I was looking for a dual voltage power supply initially to power an old HDD with 12V and 5V. I wanted to build a home server based on the Raspberry Pi. I later realized that I had a newer hard-drive that needed only 5V. By then I had already designed and built this one. This power supply has a typical efficiency of 85%+ under real-world conditions and is based on TI’s TPS54383 DC-DC converter chip which operates at 300 KHz. A 600 KHz version is also available and is a drop-in replacement for TPS54383.
Edit @08 Feb 2014: Pictures of the new revision added. Also the board shows reverse polarity for Vout-II. This is what happens when you create boards at 1 AM. The ‘+’ and ‘-‘ should be switched. You’d see a negative supply on Vout-II with the way the board is as of now.
Edit @25 Dec 2013: Attached are Gerbers and PDFs for a board with USB female connectors should you want to use this power supply to connect to devices such as the RPI or standalone MCU systems. Remember that USB connectors support a maximum of 1A current through its pins.
A piece of advice and a warning of sorts: We are dealing with high currents and voltages here (especially if you use transformers to step down voltages to power this system). Please be careful and I’d hate to see you get zapped. If you are not sure about certain connections, DO NOT make them. Read and research about it. Ask questions! Disconnect all power to the board before assembly. Understand what outputs you’ll expect to read and where. Even though the output voltages may seem low they are high-current outputs that can still give you nasty jolts if you touch them and act as the load. Do not short the outputs. Even though this device has some protection built it in it, its never a good to test and see if it works. I’m not responsible for your actions with this project that may land you in the ER.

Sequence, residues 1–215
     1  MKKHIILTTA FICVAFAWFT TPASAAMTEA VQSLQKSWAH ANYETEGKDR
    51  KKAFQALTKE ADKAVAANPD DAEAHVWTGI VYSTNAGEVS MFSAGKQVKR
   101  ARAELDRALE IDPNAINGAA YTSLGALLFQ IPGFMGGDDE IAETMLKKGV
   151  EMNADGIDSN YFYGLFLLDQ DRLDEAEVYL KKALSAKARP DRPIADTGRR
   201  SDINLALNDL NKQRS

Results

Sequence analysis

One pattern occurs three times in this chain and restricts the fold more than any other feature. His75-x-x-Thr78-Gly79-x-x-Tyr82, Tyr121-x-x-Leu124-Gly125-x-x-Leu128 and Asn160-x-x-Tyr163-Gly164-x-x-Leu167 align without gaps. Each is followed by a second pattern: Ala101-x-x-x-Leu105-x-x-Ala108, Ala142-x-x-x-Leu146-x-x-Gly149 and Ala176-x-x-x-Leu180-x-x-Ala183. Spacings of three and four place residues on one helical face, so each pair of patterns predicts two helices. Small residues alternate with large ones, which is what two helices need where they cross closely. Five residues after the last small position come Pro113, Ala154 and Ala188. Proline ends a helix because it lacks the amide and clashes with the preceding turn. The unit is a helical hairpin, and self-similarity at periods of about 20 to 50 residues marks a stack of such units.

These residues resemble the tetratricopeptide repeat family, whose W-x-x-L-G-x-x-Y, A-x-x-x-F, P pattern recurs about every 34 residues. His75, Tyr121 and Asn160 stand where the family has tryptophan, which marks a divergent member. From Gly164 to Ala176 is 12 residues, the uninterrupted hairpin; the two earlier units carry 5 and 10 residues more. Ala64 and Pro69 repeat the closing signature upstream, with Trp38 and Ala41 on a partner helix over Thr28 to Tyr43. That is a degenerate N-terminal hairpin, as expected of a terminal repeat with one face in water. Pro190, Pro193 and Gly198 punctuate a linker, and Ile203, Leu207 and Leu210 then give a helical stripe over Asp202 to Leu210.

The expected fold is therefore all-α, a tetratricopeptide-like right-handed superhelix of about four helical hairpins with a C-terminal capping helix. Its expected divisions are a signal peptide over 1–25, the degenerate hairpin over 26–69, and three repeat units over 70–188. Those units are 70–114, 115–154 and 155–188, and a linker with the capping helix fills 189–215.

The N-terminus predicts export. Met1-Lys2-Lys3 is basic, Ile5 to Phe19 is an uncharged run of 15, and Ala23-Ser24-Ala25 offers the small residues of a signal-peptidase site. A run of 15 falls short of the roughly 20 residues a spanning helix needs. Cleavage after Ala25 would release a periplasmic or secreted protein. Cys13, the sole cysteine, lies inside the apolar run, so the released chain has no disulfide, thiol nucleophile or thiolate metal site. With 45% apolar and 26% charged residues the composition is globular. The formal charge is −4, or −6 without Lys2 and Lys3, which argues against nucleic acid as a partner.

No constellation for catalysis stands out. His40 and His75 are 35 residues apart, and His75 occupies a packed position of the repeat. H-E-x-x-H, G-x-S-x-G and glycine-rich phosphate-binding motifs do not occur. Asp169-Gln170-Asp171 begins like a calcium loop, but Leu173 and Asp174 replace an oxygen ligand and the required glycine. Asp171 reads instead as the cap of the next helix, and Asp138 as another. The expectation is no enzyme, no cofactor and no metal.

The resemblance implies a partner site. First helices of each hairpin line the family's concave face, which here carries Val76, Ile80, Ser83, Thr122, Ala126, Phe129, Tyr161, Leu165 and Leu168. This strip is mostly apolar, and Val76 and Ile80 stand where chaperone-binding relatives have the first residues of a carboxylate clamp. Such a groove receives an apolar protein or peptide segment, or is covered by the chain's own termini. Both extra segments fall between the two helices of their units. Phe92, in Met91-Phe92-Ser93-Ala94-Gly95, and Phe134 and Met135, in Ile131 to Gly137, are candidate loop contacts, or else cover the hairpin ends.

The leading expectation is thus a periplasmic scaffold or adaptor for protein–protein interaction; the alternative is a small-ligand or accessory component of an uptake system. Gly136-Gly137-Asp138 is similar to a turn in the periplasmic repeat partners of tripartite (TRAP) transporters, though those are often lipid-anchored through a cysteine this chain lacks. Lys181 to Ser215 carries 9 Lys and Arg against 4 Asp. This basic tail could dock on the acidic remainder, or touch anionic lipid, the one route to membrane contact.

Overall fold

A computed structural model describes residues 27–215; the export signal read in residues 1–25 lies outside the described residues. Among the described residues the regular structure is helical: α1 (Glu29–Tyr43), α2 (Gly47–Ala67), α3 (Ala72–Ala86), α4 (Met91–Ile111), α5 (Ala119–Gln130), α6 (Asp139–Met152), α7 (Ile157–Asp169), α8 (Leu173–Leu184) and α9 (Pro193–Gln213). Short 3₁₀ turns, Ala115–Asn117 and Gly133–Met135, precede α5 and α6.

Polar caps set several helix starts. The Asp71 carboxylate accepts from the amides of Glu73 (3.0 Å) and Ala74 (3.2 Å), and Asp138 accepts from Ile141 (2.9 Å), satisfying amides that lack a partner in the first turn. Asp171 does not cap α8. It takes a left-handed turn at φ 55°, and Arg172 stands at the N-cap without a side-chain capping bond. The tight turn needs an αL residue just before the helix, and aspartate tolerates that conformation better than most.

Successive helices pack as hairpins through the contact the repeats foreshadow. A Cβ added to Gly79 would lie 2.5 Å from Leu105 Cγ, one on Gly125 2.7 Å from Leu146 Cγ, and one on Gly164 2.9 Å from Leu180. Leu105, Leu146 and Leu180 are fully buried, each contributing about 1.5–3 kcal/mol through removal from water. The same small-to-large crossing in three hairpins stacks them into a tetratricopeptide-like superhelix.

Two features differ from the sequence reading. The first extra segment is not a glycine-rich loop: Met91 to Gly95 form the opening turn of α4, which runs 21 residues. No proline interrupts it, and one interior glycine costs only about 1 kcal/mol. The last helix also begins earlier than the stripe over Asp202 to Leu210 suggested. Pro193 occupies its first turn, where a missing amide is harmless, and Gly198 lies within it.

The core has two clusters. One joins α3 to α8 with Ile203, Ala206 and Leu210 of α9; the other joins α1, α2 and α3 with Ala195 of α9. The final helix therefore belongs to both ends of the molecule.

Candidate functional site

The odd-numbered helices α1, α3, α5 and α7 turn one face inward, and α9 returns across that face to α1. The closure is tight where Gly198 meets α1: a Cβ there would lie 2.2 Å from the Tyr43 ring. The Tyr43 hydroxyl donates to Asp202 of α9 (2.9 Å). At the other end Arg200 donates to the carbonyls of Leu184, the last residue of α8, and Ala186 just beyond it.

This particular chip was selected because of its high efficiency. This plays a critical role when the system needs to be always on. This also is very useful when the whole system is powered through a battery. The TPS54383 also features an over-current protection (hard-wired at 3.5A here for Output 2 and 4.5A for Output 1), a soft-start where Output 2 starts after Output 1 has reached full regulation.
Step 1: Design Stage
An important note: This is a switching power supply. Your computer SMPS is a switching power supply. Though the chip its based on isn’t very expensive, it is not very cheap either. The total project cost me roughly $50. Here is a Digikey link where its priced at $6.22 per piece. The datasheet is available here. If you do not want to go through the entire datasheet and just adjust the voltages you will need to refer to the “design example” section.
For more detail: High efficiency Dual Voltage 3A power supply